Hunter Greene came to the Reds organization as a two-way player, but only showcased his offense as a designated hitter through his first seven games in the Minor Leagues. The second-ranked Cincinnati prospect made his long-awaited pitching debut in Sunday's start, allowing one hit and fanning one in one inning as
Hunter Greene came to the Reds organization as a two-way player, but only showcased his offense as a designated hitter through his first seven games in the Minor Leagues.
The second-ranked Cincinnati prospect made his long-awaited pitching debut in Sunday's start, allowing one hit and fanning one in one inning as Rookie-level Billings rolled to a 4-2 win over Helena on Sunday at Dehler Park. The right-hander tossed 12 of his 15 pitches for strikes and threw all fastballs, save one pitch.
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"He was dominant," Mustangs pitching coach Seth Etherton said. "I think all [of the pitches] were at the knees. His ability to repeat his delivery and direction downhill, it was very impressive for a young man of his age. He's very poised very competitive and he's fun to watch."
Selected second overall in this year's Draft out of Notre Dame High School in Sherman Oaks, California, Greene went 3-0 with a 0.75 ERA in five appearances before he was shut down in April to protect his arm from potential injury. If MLB.com's No. 21 overall prospect had any rust to shake off Sunday, Etherton didn't see any.
"He was 99 and 100 [mph]," his coach said. "That's what I had on our gun here. He averaged 100 in terms of all his fastballs. He had a max of 20 pitches. We're going to slowly build him up. He'll pitch again in five days, and I think the pitch count will go up incrementally from there. We're just going to break him in slowly, he's been doing a great job and getting accustomed to pro-ball lifestyle."
In the first inning, Greene quickly got ahead of leadoff man Kenny Corey, but the Helena second baseman fouled off four pitches in a row before hitting a single into right field. The right-hander stayed composed and got No. 8 Brewers prospect Tristen Lutz to bounce into a fielder's choice. With 17th-ranked KJ Harrison at the plate, Greene whipped a quick pickoff throw to first base to nab Lutz for the second out.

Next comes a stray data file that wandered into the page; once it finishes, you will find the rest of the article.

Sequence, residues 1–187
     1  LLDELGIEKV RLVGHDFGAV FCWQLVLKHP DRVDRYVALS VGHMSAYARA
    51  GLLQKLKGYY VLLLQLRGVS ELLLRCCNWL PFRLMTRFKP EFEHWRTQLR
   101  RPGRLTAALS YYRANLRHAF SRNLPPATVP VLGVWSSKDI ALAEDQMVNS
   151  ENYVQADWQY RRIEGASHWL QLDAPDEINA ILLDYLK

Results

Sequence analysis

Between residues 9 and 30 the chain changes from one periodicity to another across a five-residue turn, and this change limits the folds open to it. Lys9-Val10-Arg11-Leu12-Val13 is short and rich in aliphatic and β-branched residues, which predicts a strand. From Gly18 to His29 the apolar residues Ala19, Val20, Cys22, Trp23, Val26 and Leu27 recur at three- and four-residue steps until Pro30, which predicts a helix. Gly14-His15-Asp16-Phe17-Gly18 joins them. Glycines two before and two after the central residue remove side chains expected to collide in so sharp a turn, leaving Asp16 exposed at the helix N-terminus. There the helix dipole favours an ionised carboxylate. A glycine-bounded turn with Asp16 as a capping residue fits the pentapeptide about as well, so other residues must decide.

"He did it on his own," Etherton said of the pickoff. "The first pickoff was quick, he held. And that comes down to him being savvy. He has the ability to slow the game down when he needs to and hold the ball in the stretch. He's extremely athletic and has one of the quicker pickoff moves that I've seen. He got his feet around, head around and made a perfect throw. He got the guy out by a pretty good margin."
With the bases empty, Greene got back to work and recorded his first pro strikeout by whiffing Harrison on a 2-2 pitch. Etherton only sees the California native building off of the abbreviated outing.
"He just turned 18 and there's a lot of room for growth and strength," Etherton said. "That'll come with time. He threw one breaking ball that he kind of left up, but he really doesn't need to use it now. We'll see what happens in the next start, maybe he'll start mixing in some other pitches."
Offensively, Greene has a four-hit game under his belt and has amassed a .233 average with three-extra base hits and three RBIs through his first 30 at-bats. Etherton has been impressed with the way the 18-year-old has balanced his work load and preparation on both sides of the ball.
"That's one thing that I don't think a lot of people understand, it's that he's very diligent in what he does," the coach said. "He asks a lot of questions, he's a true student of the game and he's very humble. It's been great. If he's doing something he'll ask -- the aptitude is pretty much off the charts. He really absorbs it and understands information, and he knows how to use it."
Tyler Mondile (3-4) relieved Greene in the second and tossed five scoreless innings, allowing two hits while fanning a career-high six en route to the victory.
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"He was outstanding," Etherton said. "We really worked with him on emotions. Today, he was under control and he just attacked on every pitch. He kept the ball down and pitched very well. He pitched backwards at times. Again, here's another young man here at 19 years old who has some great ability. It's fun watching him make the progress and he was up to 95 [mph] today."
Leandro Santana went deep as part of a three-hit, three-RBI day while No. 12 Reds prospect Jeter Downs collected three hits out of the leadoff spot for Billings.
Andrew Battifarano is a contributor to MiLB.com. Follow him on Twitter, @AndrewAtBatt.